Falun gong refugee flies to NZ from detention in Bangkok

Auckland, New Zealand - A member of China's banned Falun Gong spiritual movement who was arrested in Thailand capital Bangkok for protests outside the Chinese embassy there, has flown to Auckland with his four year-old daughter.

Huang Guohua and his daughter Huang Ying plan to settle in New Zealand after Mr Huang spent a month behind bars at the Bangkok Immigration Detention Center.

Mr Huang – who told journalists at the airport that he was pleased to finally find a home again in New Zealand – said he had not expected the Thai government to support the Chinese Communist Party regime.

"Cozying up to an evil regime is a pity and a shame. . .I hope that the Thai government can stand on the side of righteousness and bravely release the four Falun Gong practitioners still detained," he said.

The Epoch Times, a Hong Kong newspaper and website linked to the Falun Gong movement said his release followed negotiations by the United Nations High Commission for Refugees (UNHCR) and the New Zealand government.

About 40 supporters farewelled them at Bangkok's Don Muang International Airport.

Mr Huang, a Chinese citizen, was arrested, along with his daughter, while they were demonstrating outside the Chinese embassy on December 15.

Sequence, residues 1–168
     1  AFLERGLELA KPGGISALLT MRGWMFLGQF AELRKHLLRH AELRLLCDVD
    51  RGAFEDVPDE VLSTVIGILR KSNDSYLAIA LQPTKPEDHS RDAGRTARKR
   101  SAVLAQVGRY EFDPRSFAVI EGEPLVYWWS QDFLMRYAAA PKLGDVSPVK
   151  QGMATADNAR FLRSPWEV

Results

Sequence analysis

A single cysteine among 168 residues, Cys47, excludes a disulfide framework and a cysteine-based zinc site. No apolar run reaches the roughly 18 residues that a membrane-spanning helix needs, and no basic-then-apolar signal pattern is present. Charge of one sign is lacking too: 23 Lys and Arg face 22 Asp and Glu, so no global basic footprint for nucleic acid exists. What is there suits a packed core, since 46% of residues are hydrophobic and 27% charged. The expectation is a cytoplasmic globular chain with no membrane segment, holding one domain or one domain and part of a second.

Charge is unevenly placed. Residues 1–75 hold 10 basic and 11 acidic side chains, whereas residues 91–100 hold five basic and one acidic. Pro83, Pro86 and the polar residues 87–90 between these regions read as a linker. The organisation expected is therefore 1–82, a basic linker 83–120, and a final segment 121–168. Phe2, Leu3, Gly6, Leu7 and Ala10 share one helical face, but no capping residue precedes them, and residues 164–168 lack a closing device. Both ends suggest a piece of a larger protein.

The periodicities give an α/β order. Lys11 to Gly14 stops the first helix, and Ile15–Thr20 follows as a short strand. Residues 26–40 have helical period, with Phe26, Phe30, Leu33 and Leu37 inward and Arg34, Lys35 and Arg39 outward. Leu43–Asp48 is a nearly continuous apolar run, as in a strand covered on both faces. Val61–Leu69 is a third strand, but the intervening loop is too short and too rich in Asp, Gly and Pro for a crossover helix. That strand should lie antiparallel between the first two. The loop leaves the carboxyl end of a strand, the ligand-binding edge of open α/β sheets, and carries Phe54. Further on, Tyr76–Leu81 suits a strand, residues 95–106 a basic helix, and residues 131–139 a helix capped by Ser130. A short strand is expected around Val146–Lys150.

Six other protesters were also taken into custody that day, including two other children. The three children were later released, but four adults remain behind bars.

The detainees said they were all refugees recognised by the UNHCR as fleeing Chinese persecution for their beliefs.

They said the demonstration at the embassy was to protest the forceful abduction and violent rape of two female practitioners by a Chinese police officer in Hebei province, China, and that the arrests in Bangkok had been requested by the Chinese embassy.

Thai officials should not have had police escort Mr Huang to the airport directly from detention, said Teresa Vilaidaraga, 29, a Thai Falun Gong follower.

The Epoch Times said Mr Huang's claims of severe persecution and torture by Chinese authorities – including losing his wife, who was three-months pregnant at the time of her death – had been documented by several international human rights bodies, including the UN Human Rights Commission.

It said that the other four detainees had been given no hope UNHCR could secure their release in Thailand, and the organisation was seeking a home for them in a third country.